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I successfully installed CiviCRM using FTP on the backend of my wordpress site hosted by godaddy. when I go to click on configure CiviCRM the next screen comes up blankwhat I see

What am I doing wrong? I did install Charity theme from ThemeForest. But I went in and deactivated all of the plugins...

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Unless something has changed, I have never been able to get Civi to work properly on cheaper shared hosting like GoDaddy. Just not enough resources and such given to each account.

  • What host client would you recommend? – Yonster329 Jan 11 '18 at 14:10
  • I always recommend going with someone who at a minimum has a VPS setup (sometimes called a cloud server) that you can use. One where you can upgrade memory, storage, etc as needed. I use Liquid Web, but there are a number of them out there. You want one where you can set an appropriate amount of resources, like memory, script execution time, etc. I run so many Drupal/Civi sites that we finally just went with a full server so that we could cut it into chunks and resell specifically for Drupal/Civi. You'll probably find a number of places like that as well. – Jenni Simonis Jan 11 '18 at 23:40
  • Sadly my client is locked in with GoDaddy I may need to use salesforce. – Yonster329 Jan 12 '18 at 2:40
  • That's too bad, as they'll end up paying a lot for an external CRM like that. Not to mention that eventually they'll also notice issues with their CRM as well when it needs more resources than GoDaddy will give. – Jenni Simonis Jan 12 '18 at 22:05
  • Cheap shared hosting can be expensive, especially if it means you don't have the flexibility to pick the best tools for your organisation. I've seen orgs spend thousands on that mistake. The "lock in" is probably not as bad as you expect (often it's simply that someone with a credit card made a poor decision before consulting experts). If you're truly stuck with GoDaddy, they do offer a VPS service. – Chris Burgess Mar 5 '18 at 6:40
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Ill always take an opportunity to say CiviCRM can and will work just fine with shared hosts! However not all shared hosts are created equal. Two that support CiviCRM requirements include:

  • CiviHosting - Supporting Partner of CiviCRM
  • Namecheap (Stellar Business) - Not a supporter of CiviCRM.

Each of these hosts have met my needs on a variety of sites. GoDaddy I believe uses CPanel - in CPanel - choose "Select PHP Version" - make sure the right version of PHP is selected (should be 7.1), if not, make sure you select the correct version as current. Then make sure all the options needed are selected. Finally switch to php options and make sure all those settings are correct too. The requirements for CiviCRM can be found here:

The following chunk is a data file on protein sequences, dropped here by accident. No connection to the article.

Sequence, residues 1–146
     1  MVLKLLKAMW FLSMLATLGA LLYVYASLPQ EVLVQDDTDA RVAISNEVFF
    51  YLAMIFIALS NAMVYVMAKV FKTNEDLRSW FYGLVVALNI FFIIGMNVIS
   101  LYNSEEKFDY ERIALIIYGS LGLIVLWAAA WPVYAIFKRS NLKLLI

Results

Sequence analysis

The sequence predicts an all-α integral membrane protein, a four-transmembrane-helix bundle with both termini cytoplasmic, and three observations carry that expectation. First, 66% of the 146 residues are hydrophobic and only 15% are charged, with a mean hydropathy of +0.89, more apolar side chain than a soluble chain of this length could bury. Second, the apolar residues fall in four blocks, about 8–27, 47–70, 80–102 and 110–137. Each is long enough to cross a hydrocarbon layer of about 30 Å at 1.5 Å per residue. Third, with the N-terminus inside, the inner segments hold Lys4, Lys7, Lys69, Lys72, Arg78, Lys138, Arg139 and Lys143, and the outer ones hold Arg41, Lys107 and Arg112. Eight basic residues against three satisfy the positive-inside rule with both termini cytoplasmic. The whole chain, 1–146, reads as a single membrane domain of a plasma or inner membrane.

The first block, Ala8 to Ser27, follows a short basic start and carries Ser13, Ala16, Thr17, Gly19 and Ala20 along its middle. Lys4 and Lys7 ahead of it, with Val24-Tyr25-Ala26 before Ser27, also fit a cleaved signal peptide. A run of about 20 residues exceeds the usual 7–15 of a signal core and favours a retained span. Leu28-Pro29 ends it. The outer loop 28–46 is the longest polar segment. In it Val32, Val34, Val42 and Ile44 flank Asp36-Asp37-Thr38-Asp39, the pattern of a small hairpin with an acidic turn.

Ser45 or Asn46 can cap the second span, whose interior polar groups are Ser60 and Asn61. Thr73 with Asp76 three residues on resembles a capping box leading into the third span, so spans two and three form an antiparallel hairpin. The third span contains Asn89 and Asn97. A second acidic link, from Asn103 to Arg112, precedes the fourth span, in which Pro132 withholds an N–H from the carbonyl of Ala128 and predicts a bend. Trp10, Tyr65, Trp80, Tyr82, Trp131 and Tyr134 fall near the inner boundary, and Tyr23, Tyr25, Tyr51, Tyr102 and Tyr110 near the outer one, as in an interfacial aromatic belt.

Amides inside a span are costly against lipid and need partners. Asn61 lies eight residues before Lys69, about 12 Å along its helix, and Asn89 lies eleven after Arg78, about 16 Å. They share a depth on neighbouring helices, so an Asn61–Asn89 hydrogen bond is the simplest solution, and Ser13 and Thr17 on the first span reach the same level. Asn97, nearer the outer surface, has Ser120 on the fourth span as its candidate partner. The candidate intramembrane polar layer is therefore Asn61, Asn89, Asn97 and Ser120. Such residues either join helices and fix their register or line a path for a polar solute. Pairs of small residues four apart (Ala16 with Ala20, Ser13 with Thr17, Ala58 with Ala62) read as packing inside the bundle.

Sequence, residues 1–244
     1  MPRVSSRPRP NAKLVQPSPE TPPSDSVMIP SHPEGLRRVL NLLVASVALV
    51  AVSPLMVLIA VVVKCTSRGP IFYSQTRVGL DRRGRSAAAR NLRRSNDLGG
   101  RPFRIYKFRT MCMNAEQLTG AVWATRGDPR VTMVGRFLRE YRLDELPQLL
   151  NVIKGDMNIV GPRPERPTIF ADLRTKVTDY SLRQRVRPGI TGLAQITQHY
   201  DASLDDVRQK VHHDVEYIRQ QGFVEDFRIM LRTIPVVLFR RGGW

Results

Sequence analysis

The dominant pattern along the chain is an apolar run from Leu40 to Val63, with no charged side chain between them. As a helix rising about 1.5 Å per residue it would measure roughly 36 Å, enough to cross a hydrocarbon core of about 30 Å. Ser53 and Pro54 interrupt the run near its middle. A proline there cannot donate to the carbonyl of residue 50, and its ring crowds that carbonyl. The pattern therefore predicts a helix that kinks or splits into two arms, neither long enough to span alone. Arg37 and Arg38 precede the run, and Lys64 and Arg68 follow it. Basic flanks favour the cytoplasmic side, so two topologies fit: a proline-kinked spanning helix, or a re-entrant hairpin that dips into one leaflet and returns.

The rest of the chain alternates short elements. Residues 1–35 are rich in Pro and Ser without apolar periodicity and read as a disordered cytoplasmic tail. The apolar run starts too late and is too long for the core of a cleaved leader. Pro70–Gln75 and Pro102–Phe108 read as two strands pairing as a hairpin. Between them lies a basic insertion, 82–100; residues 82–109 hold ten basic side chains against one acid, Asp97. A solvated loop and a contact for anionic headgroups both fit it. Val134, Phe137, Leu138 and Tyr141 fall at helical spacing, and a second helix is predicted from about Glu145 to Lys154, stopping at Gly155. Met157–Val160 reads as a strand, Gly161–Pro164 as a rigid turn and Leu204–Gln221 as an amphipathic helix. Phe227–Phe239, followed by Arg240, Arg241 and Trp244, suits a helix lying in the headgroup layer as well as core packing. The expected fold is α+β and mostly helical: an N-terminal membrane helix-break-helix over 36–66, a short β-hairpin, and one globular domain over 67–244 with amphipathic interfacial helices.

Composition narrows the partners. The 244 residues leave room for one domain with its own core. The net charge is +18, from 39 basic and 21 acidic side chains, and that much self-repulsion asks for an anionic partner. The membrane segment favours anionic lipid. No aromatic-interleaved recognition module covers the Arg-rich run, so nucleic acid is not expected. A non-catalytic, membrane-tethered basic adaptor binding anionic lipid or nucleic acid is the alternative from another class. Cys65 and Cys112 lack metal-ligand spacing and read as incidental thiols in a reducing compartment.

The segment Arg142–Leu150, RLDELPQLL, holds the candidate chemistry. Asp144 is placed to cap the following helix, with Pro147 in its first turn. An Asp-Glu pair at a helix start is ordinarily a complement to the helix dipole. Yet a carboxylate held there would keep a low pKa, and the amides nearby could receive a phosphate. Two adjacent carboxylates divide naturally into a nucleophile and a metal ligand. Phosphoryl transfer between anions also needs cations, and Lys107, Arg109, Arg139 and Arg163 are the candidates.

https://docs.civicrm.org/sysadmin/en/latest/requirements/

I should add, shared hosting does have its limits - depending on your needs, your organization may need something more substantial

Updated 03/22/2019: Removed TMDhosting as they are no longer a supporting partner, removed stablehost, as I can no longer recommend their services.

  • While CiviCRM may run on shared hosts, I'd advise organisations (whether social change org, business or other) to consider carefully the security of personal contact data in any selected hosting environment. Evaluate your hosting environment against your organisation's data security policies. (If you don't have a data security policy, first check whether you should be collecting personal data.) – Chris Burgess Mar 6 '18 at 0:20
  • A large number of organizations that use CiviCRM are small. A VPS is not an option for them for a variety of reasons - technical, budget, etc. Now when selecting a shared host (or any host), you should review their privacy policies, terms of service, and their track record. Both shared and VPS hosting are subject to vulnerabilities and I would argue - if you are not a trained professional, a proper shared host will be more secure than a poorly implemented VPS. However, if security is that much of a a concern - you shouldn't be using a VPS or a Shared Host but rather a dedicated server. – themak Mar 6 '18 at 17:23
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    I think we are on the same page 🙂 It's important for organisations to take their custodial role seriously when trusted with personal data. – Chris Burgess Mar 7 '18 at 9:49

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